21 July 2009

Day 58

Ludiano, originally uploaded by Ryan Runs Europe.

48.9 Kilometers.
I might as well just put a shotgun to my knees. Almost 50 km of continuous hard surface running, the majority of which was downhill, was probably not the best thing for my already tired legs. I had found a place to stay in Ludiano, a small village near Biasca (the place I had intended on stopping) via couchsurfing, and on a map it appeared to be a bit closer to Airolo (where I was coming from). Closer doesn't mean much when there is a huge mountain ridge between you and your destination, so I had to run downhill to Biasca in one valley, and then back up another valley to Ludiano. Ludiano is beautiful--basically if you imagine a beautiful small Italian town and then cross that with the imagery of a mountain village in the Alps, then you have a good idea of what it is like. Alice (my host) made me some pasta for lunch, and we spent the afternoon talking (in Italian) until it was dinner time and Alice made a pizza from scratch (I like this Italian part of the world). I also threw my laundry in a machine...I hadn't washed my clothes in a couple days, and my stuff was starting to smell pretty rank. In the evening, we headed to a local middle/high school and watched a series of short plays in Italian that all had something do with apples ("Meladramma"). The school was pretty small, but the plays were entertaining and simple enough for me to understand. There was even a section which shared a theme with one of my favorite philosophies, the Plato/Aristophanes/Symposium concept of the derivation of love and the search for the other half. In the play, a bunch of apples were cut in half and shaken about in a tub. Everyone grabbed an apple, which represented themselves and after holding the apples in front of them, they danced about putting their half-apples against other half-apples, trying to find the perfect match. Basically, if love is a jigsaw puzzle, this is the strategy where you randomly plug pieces together trying to find one that fits. This all goes well until one of the pieces has a roughed up corner and then all the corners get roughed up and there isn't a good cure for jigsaw STDs. The better strategy, which I could easily see from the audience, would be to look at your own apple/jigsaw piece and then scan the room to find one that looks pretty close to it. The more you know your own apple, the easier it is to find a match. For me, all the things we do in life are about finding out your own apple/jigsaw shape, the more you know, the easier it is to solve the puzzle...you just have to hope that there isn't an odd number of apples-halves (In which case, you just eat your own...which actually ended up happening later in the play). A very philosophical middle school play, I must say.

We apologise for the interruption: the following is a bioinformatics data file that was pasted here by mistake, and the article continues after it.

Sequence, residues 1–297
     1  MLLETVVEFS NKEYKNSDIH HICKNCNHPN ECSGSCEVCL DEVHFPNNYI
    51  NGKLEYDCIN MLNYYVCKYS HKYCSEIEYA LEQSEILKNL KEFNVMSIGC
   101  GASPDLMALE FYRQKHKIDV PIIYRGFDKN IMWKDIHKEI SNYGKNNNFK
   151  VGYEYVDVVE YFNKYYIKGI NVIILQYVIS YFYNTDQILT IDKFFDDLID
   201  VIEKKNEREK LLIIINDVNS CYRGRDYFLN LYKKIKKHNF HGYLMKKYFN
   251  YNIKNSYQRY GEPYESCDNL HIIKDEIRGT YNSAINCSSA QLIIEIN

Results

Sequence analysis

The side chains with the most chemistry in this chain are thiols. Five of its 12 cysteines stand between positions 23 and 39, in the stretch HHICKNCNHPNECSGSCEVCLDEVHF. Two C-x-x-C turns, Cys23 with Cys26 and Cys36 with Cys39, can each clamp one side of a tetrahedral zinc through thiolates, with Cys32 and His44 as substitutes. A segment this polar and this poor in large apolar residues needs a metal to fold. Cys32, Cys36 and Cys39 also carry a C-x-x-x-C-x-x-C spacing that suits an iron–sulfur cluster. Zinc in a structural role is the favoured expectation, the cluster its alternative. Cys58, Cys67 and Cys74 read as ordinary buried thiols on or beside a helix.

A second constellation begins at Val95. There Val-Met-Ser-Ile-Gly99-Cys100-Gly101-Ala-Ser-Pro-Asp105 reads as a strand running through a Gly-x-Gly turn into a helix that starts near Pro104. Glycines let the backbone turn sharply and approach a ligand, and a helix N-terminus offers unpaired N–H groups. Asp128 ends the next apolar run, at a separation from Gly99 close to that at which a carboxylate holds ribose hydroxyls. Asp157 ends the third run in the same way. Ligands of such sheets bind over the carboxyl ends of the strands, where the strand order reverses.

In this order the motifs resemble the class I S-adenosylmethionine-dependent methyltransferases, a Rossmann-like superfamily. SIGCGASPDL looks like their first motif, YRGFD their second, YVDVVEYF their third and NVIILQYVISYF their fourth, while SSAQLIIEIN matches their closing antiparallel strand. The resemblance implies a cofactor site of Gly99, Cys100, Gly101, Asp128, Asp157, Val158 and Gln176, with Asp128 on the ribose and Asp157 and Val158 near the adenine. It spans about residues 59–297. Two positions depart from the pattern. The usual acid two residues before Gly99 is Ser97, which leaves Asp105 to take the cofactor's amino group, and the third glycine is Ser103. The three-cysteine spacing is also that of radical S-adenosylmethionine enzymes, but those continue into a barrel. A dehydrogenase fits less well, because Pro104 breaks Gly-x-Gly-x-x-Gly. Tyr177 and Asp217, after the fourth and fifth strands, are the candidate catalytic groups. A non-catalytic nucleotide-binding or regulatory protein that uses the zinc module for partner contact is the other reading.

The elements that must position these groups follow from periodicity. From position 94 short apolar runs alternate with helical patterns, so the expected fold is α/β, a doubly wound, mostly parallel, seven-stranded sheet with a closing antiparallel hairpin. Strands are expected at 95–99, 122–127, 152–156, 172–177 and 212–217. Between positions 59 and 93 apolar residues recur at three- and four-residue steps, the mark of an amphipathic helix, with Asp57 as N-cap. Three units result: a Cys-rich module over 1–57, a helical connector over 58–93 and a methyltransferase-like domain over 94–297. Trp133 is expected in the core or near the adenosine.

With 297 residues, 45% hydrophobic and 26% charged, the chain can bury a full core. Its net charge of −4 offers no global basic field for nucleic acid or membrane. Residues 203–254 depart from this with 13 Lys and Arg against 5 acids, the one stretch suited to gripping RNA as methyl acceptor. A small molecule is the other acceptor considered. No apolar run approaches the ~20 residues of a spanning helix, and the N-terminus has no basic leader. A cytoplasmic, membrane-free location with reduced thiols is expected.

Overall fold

After the play, we headed into Bellinzona and watched some of the Blues Festival that was going on there, and then headed to an underground Reggae bar, where Alice asked me if I could translate what was being said in the music. I answered, "No, I don't understand Italian that well I guess." She responded "Umm, this music is in English." After listening and maybe understanding one or two words, I realized that it was some sort of English based language. Either I've been away from English way too long (doubtful)...or that is one seriously messed up dialect.
Around 2 am, when I couldn't force my eyes open anymore, we drove back to Ludiano and I passed out on the sofabed. A 50 km start to any day will surely put me out quick.


  1. Go Ryan!!
    I stumbled across your blog and I'm pleased to be the first comment on this one...I have just read it aloud to my hubby and we are in fits of laughter....crazy Kiwis in Australia. Can you hear us???

    Keep up the great blog and take care of yourself.


  2. Wow, you're amazing. Good luck with rest of the run.

  3. Apples to Apples ... that is a great way to look at love! I just need to find the other half of my apple ...